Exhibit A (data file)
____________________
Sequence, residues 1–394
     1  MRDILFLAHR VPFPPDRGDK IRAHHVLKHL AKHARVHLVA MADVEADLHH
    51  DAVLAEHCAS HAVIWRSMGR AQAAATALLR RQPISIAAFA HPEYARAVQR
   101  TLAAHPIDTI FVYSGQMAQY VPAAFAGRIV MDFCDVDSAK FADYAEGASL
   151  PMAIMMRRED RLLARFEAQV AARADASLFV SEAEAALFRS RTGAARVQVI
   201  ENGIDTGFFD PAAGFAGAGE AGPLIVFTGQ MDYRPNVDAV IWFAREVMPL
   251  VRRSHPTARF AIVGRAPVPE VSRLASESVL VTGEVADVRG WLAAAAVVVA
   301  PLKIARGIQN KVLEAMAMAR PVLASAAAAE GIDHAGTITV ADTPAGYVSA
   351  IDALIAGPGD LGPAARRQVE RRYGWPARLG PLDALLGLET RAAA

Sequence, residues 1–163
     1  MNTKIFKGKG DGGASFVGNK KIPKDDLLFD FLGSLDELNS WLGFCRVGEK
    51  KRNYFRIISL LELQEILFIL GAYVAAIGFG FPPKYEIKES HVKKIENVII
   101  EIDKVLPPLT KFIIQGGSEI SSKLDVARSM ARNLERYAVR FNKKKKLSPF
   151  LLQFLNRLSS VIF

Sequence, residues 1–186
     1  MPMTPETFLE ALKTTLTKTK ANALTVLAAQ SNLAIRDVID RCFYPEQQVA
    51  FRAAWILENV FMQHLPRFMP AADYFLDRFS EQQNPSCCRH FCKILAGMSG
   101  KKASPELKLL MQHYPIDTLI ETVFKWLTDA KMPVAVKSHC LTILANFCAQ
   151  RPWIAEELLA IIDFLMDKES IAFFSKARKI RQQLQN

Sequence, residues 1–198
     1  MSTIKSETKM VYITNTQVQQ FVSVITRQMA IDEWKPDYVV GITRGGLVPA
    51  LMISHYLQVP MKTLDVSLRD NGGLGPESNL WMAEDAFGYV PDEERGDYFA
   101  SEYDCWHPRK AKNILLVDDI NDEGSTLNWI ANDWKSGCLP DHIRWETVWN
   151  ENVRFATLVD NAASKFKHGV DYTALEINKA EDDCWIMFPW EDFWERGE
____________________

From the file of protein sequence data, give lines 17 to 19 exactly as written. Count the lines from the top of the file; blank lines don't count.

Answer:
    51  FRAAWILENV FMQHLPRFMP AADYFLDRFS EQQNPSCCRH FCKILAGMSG
   101  KKASPELKLL MQHYPIDTLI ETVFKWLTDA KMPVAVKSHC LTILANFCAQ
   151  RPWIAEELLA IIDFLMDKES IAFFSKARKI RQQLQN